Snook fishing has still been consistent near rocky shorelines and large oyster bars around the high tide. If you catch the high tide in the early morning you can catch them on topwater baits. If you fish a mid-day high tide you can catch them on suspending baits or with a jig and soft plastic like the DOA Cal Shad Tail. Natural colors have been working best for both. Most of the snook have been 30 to 35 inches with a few big girls mixed in.
Homosassa: Capt. Rick Burns
CAROLINA RIGGING, FLORIDA STYLE
This week I’ll share one way of how to go about catching our sometimes sluggish, summertime fish with live or cut bait.
I love the thrill and challenge of fooling fish with plugs and artificial lures. But, when these hot period times can render most fish “lockjaw lethargic,” you sometimes have to revert to live or cut bait fishing, or what I call chunking. (Chunking chunks of dead bait to em.) And, especially right now, these holes, depressions, and channels, can hold fish that are trying to find a more “comfort” zone. Say, from 8-to 25-feet. And tossing something natural to them can be more productive.
Here’s the reason being: When you have fish that are trying to stay cool or just survive, they aren’t wasting a lot of energy by moving a lot. Instead, they wait for the tide to bring it to them; they still have to eat. Most fish a lot of times, especially at ideal conditions (72 to 78 degree water temps) are happier and more active, and strike or bite artificials out of instinct, reaction, or curiosity. Yes, you’ve caught fish simply because they wanted to check out that weird color, “electric chicken” or “root beer,” nothing wrong with that. I’ll keep tossing it to ‘em.
But for now, we’re talking about fishing brutal summertime water temps. So, one of the best setups for bottom fishing is a “Carolina Rig.” This simple but effective rig has been utilized for years and won a lot of money, catching a lot of fish in the bass world. Working worms, lizards and crawdads off the bottom is a standby, also fished a lot in saltwater situations. Most all of my bottom grouper digging I utilize this setup. But naturally, you don’t go bottom fishing for grouper with one rig, they’ll send ya’ home. We had at ready several rigs that we pre-tied the night before a trip.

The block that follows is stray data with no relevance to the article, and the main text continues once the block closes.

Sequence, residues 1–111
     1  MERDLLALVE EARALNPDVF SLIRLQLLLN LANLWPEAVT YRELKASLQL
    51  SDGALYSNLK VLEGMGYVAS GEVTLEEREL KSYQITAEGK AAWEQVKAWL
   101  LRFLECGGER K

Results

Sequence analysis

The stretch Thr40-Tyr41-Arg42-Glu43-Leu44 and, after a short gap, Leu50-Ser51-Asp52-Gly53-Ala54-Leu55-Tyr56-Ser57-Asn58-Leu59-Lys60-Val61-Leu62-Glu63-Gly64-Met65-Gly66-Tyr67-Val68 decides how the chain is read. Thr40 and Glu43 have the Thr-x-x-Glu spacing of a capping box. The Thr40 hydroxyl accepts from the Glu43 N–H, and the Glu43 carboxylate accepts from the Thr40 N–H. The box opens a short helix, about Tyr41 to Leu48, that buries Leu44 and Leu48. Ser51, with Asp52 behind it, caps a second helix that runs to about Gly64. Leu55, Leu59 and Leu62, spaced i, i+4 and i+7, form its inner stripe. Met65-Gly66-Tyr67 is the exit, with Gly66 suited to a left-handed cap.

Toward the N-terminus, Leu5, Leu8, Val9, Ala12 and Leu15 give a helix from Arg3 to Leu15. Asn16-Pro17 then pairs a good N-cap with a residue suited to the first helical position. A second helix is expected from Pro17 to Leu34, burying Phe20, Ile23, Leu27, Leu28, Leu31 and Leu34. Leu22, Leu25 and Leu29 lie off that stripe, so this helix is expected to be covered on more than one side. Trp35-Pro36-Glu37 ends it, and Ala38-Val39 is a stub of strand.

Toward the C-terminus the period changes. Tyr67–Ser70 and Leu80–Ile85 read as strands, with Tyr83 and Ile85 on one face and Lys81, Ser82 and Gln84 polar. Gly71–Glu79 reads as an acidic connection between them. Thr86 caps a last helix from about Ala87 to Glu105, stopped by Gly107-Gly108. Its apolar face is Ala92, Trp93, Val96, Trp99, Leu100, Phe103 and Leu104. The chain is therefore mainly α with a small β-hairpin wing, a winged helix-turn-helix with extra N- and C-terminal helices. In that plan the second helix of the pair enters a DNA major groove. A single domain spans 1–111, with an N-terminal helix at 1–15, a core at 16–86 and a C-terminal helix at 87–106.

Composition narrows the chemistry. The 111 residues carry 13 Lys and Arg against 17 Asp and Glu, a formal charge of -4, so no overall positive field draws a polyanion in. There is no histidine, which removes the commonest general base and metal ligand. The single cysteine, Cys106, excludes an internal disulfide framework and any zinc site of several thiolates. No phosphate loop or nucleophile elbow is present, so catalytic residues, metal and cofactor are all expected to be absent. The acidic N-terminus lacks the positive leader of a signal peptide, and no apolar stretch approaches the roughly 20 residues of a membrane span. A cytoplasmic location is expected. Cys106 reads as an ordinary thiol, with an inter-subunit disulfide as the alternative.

You can have at ready, several rigs tied up in various lengths, tests, and hook size, safely wrapped and secured on a piece of cardboard or wrapped around a piece of 1 ½-inch PVC about 12-inches long and secured with a rubber band. With the capped PVC application, (accessible at one end of course), you can even have extra swivels, beads and hooks stowed inside the tube ready at your disposal.
However, this particular rig can be utilized from everything from sharks, cobia and grouper to trout, reds and flounder. Just try to size your rig according to the depth and species you intend to target.
Its effectiveness comes from putting your bait in the strike zone, being near the bottom. Sometimes above the grass, or fluttering with the tidal movement. The egg sinker application allows near zero resistance, which coupled with braided line, allows you to detect the very slightest nibble.
Here’s how. First, slip on an egg sinker (The weights with the hole in the middle), or, a bullet weight in (3/8, ½, or 1-ounce), depending on depth, to your running line. Rule of thumb, don’t use something too heavy for too shallow. It just needs to get to the bottom, not anchor your boat!
Next, an orange bead is optional but a good idea. It simply protects your knot, rather than the weight pounding on it.
Then, tie on a good barrel swivel to your running line. (I like the “Sampo” ball bearing swivels.) It keeps your line from twisting all up.
Next, tie on 18-to 24-inch of fluorocarbon leader. I always like to have my leader a little less test strength than my running line strength. Reason being, if I get snagged, it will break down at the swivel, losing only my leader rig, instead of breaking off up by my reel.
(Keep in mind; I’m using braid, which may be 8-pound diameter, 30-pound test.)
Now, at the end of your leader I like to tie on either #1/0, #1, to even #2 “Kayle” live bait hook depending on species. If nothing else, just tie on a #1 “J” hook and let’s go. “J’s” are what’s used for jigheads and they’ve caught plenty of fish. Circle hooks work as well. (Some people try and split hairs, when the main mission is to just catch fish). I could write a whole article on just circle hooks. Get out and get fishing!
Inshore Light Tackle and Fly Fishing